Gloomy economy continues for newspapers
But third-quarter earnings reports indicate that advertising revenue decline may have bottomed out
Publicly traded newspaper companies reported third-quarter 1991 net profits far smaller than a year ago--signaling a continuation of two years of recessionary declines in advertising revenue and profitability.
Net and operating profits generally declined again in the third quarter, compared with a year earlier, as ad revenues continued to shrink because of the sluggish economy, and circulation revenues increased somewhat on higher prices.
The good news, if there were any, was that ad revenues may have bottomed out, and the industry may be sloughing along the bottom of an economic trough.
"We have not seen any sign of pickup in advertising in any meaningful amount in any of our lines of business. On the other hand, it's not getting worse," said Douglas McCorkindale, Gannett Company Inc. vice chairman and chief operating and administrative officer.
Also, the recovery's estimated time of arrival has been postponed again. With hopes of a turnaround this year all but evaporated, optimists are pinning their hopes on late 1992, pessimists a year later.
"The recovery we looked for in the second half of the year has not materialized, and we therefore expect a delayed timetable for improved earnings," said A.H. Belo chairman and chief executive officer Robert W. Decherd.
McCorkindale--who said the combination of sharp declines in classified and retail advertising "lead us to conclude it may be the worst advertising environment since as far back as World War II"--doubted a turnaround before second-quarter 1992.
William B. Huff, chief financial officer of Affiliated Publications Inc., agreed on the timing and added, "We don't expect a quick rebound once the improvement starts."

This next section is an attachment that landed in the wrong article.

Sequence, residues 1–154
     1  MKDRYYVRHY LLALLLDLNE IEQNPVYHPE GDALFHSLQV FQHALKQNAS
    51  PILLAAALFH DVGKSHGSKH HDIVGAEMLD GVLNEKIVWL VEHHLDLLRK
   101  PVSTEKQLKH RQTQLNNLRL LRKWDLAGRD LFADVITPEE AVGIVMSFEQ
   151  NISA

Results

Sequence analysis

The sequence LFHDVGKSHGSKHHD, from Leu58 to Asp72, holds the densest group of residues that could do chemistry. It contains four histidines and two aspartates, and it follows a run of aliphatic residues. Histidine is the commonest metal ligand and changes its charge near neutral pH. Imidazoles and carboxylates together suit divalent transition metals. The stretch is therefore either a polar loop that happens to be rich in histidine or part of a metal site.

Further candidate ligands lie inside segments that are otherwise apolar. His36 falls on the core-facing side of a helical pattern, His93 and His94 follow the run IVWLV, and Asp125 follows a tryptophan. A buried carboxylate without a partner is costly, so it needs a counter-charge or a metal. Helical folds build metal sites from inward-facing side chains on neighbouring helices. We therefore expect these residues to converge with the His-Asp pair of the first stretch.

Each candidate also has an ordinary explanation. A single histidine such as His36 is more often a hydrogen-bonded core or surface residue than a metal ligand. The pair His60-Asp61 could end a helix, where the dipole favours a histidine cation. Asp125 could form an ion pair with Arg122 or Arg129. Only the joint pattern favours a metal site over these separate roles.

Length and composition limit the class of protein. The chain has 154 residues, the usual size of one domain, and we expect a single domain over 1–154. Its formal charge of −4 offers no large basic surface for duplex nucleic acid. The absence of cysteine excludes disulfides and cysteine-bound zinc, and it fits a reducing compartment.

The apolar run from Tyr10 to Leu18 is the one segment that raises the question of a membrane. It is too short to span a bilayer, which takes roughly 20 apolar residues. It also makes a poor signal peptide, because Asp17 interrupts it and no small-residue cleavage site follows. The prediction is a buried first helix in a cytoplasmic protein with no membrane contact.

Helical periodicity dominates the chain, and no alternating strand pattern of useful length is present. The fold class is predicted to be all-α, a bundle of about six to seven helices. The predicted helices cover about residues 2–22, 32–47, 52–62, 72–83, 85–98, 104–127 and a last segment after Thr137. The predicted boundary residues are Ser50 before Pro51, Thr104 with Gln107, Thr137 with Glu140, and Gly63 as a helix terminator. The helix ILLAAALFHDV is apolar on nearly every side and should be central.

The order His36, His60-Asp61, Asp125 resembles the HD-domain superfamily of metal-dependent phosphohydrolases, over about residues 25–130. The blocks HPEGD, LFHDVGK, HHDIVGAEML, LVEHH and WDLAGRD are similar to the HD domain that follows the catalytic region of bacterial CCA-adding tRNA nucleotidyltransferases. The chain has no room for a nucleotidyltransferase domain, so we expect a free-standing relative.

Even in California, where the recession hit later and lighter than in the East, McClatchy Newspapers Inc. chief executive officer Erwin Potts said, "[W]e still aren't optimistic about a significant recovery in the near future."
Affiliated Publications Inc., publishers of the Boston Globe, reported a third-quarter net loss of $1 million, or 1 [cent] a share, compared with net income of $4 million, or 6 [cents] a share, in the corresponding period last year.
Operating profits plunged 88% to $1.2 million, as revenues dipped to $121.9 million, from $130.4 million in third-quarter 1990.
The biggest declines came at the Globe, where quarterly operating income dropped to $4.1 million, from $11.9 million a year ago. Contributing to the decline was a $4 million management reduction program, which reduced quarterly net earnings by $2.4 million, or 6 [cents] a share.
Globe revenues fell 7.2% to $93.5 million.
Quarterly operating losses in specialty publishing, including Billboard and Adweek magazines, increased to $2.1 million, from $1.3 million a year earlier.
The company blamed the sluggish economy on lower ad volume at the Globe and at its specialty publishing subsidiary, BPI Communications Inc.
The Globe said that by offering enhanced benefits, it eliminated 20 managers, completing its management reduction plan. Using attrition and voluntary buyouts, it has cut the payroll by 43, toward a goal of 100 jobs.
BPI cut 44 people from its payroll.
The board of directors declared a regular quarterly dividend of 6 [cents] a share, the same as last year.
A.H. Belo Corp. reported that third-quarter net earnings fell 65% to $1.9 million, or 10 [cents] a share, from $5.5 million, or 29 [cents] a share, in the period a year before.
Revenues for the quarter edged down 4.1% to $104.1 million, from $108.6 million a year earlier. Expenses increased to $93.5 million, from $91.1 million. …